I still get lonely, and even though the loneliness can be painful, I know it is leaving me behind. This loneliness comes from mourning a past that I used to have while I learn to embrace the new life I am creating and the new friends I am making.
My endometriosis, depression, and anxiety developed at the exact time that things changed in my social life. I had a best friend who had begun drifting, and the social life that was once so strong at work was breaking up as people moved on. Once these key components began falling away, and endometriosis took hold of my ability to see my other friends regularly, my life fell quickly. Sure, I packed my evenings and weekends with writing about endometriosis through This EndoLife, but it wasn’t always enough.
Yet, as I began to get more into the world of endometriosis, things began to change again. I signed up to run an endometriosis support group, attended a breakfast with other endometriosis patients, and went along to various endometriosis related events. There was a sense of instant relief during these experiences. I met women of all ages, but many my own age who knew what I was experiencing. They could help me, and I could also help them. I didn’t feel guilty for talking about how I was feeling. In fact, it was completely liberating, passion-fueling — and fun.
I was able to find fun among a table of women who had to order off the “free-from” menu to avoid triggering their symptoms, whose energy was depleting, and who were all in some level of discomfort. And it was because I felt free. We laughed over our experiences, we got excited, angry, and passionate. It was the most alive I’d ever felt since before my social life had dried up into nothing more than an occasional dinner.
I went from being out at the weekends, among big groups of people, to spending my weekends in the same four walls. Whenever I did speak to someone, I felt guilty about what I had to say about my life, or having to leave early due to tiredness, and not being able to laugh anymore. I was on edge and constantly wondering if I was being judged.
Attending these support groups gave me permission to be the “me” that I was at that moment. So much of my hang-ups around my social life were because I felt like people missed the old me, and I couldn’t pretend to be her any longer.
The meet-ups I attended affirmed my beliefs about endometriosis and brought me a new sense of direction, confidence, and unabashed honesty about my life. It didn’t make it easy, but it made it easier. I felt there was purpose behind my pain, as I began blogging and taking to social media fervently — and this opened up the next door.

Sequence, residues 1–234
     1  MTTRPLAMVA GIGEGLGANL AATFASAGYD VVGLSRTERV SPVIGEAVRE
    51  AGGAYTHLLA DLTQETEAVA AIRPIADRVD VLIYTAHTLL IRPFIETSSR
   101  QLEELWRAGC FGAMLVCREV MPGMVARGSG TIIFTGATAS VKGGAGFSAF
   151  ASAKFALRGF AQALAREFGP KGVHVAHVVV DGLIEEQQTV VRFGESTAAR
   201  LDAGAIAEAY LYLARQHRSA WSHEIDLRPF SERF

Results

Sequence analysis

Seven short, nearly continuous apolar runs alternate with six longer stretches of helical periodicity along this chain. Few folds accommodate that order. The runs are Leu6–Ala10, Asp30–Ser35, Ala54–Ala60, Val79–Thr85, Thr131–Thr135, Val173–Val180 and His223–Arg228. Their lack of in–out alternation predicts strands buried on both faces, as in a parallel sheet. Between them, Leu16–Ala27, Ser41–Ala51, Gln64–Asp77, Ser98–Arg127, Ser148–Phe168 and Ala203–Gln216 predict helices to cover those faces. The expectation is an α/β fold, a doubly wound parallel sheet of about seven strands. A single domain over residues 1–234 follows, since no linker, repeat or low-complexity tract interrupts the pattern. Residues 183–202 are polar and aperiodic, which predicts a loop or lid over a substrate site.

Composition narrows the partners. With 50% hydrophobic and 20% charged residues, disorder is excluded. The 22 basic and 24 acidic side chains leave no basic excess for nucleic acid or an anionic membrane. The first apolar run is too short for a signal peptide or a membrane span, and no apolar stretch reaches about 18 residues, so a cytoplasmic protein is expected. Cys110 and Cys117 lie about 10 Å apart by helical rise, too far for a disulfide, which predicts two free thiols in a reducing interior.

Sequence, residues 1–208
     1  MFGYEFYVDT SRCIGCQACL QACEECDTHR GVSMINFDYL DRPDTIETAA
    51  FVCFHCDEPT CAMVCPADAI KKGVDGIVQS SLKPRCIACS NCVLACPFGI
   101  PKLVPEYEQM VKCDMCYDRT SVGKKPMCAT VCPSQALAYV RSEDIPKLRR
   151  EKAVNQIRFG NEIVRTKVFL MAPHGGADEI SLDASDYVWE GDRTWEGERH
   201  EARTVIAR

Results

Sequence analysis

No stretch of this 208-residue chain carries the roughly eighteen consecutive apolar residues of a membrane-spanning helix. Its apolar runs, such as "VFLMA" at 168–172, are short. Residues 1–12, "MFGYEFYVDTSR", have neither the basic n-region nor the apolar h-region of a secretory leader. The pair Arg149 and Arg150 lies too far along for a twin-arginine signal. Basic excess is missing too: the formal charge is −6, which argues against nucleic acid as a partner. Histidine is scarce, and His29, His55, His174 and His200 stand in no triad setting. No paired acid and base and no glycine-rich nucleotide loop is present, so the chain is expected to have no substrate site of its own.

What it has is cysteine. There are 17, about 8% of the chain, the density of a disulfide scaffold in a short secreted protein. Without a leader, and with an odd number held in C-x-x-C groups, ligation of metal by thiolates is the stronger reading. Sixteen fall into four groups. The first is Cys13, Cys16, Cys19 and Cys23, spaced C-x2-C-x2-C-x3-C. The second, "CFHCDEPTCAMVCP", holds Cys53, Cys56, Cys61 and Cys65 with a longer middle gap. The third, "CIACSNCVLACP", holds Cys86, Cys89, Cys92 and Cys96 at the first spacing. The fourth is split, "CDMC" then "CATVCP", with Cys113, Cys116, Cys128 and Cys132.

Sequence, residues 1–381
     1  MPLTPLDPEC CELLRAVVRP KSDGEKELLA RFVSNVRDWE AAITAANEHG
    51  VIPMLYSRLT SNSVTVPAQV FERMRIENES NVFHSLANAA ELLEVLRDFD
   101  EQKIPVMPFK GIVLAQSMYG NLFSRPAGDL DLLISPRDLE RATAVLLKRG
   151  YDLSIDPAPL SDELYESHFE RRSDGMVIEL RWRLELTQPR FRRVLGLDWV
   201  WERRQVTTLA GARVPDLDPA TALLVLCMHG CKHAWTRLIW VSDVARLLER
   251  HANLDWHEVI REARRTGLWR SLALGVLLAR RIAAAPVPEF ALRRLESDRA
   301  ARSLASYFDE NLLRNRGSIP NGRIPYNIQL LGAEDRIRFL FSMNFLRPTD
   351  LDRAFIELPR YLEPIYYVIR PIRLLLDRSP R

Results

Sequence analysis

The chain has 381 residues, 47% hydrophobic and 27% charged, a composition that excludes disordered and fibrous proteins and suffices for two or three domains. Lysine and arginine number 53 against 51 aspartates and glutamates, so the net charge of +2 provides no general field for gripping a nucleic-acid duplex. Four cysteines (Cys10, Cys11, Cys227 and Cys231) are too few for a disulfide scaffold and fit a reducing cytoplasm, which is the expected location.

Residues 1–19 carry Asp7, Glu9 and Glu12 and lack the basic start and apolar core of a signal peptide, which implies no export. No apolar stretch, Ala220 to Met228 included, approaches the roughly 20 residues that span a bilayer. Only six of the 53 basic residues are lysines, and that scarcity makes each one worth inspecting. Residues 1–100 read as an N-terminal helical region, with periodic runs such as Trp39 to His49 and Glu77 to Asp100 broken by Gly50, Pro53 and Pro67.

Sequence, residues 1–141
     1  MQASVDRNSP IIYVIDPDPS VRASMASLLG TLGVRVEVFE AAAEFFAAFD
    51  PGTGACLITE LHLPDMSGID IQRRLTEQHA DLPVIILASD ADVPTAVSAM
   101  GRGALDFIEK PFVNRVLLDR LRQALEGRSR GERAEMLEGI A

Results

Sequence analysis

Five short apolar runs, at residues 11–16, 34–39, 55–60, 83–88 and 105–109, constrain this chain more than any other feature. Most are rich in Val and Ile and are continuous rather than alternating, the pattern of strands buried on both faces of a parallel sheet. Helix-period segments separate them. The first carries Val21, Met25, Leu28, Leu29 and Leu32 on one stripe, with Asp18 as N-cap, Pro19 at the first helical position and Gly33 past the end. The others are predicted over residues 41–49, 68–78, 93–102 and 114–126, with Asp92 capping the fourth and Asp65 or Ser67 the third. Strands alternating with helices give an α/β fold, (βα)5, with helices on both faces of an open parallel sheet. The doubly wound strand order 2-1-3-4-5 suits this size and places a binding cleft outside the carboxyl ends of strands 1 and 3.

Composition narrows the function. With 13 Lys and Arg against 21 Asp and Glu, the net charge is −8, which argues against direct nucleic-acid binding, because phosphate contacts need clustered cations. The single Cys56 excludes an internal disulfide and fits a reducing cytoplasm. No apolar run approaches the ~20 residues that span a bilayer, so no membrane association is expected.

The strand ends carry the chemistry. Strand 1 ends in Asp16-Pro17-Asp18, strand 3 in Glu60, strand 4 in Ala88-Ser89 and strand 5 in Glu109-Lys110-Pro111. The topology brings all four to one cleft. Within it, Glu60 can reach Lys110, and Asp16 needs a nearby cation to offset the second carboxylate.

While I understand that social media has its downfalls, for those who are isolated, it’s a portal to another world. As I began posting on Instagram and sharing my stories on endometriosis, I discovered a community that either was doing the same as me or looking for stories like mine, to let them know they weren’t alone. And suddenly, I found friends in the U.S., Germany, South Africa – all over. Comments, direct messages, emails — they’ve all kept me company, kept me inspired, and kept me going when things have gotten tough. And I’ve done the same for them.
And from this community, some friendships have spilled over into my offline life. I now have WhatsApp groups filled with women who battle chronic conditions, women who are changing the world, and women who are helping others. We meet up and go to talks and events, catch up over brunch or work together from coffee shops.
It’s a lovely feeling being among women who not only know and share my story, but also lift me out of my story. One of my fears of connecting with the endometriosis community was that I’d feel worse. Of course, there’s always the risk of bringing each other down, whatever the subject. But through support groups and online communities, I’ve found groups of women who not only hear my pain, but challenge me to be stronger than it.
With these women next to me, I’m saying goodbye to my loneliness and I’m finding my people once again.
Note: Endometriosis News is strictly a news and information website about the disease. It does not provide medical advice, diagnosis, or treatment. This content is not intended to be a substitute for professional medical advice, diagnosis, or treatment. Always seek the advice of your physician or other qualified health provider with any questions you may have regarding a medical condition. Never disregard professional medical advice or delay in seeking it because of something you have read on this website. The opinions expressed in this column are not those of Endometriosis News or its parent company, BioNews Services, and are intended to spark discussion about issues pertaining to endometriosis.
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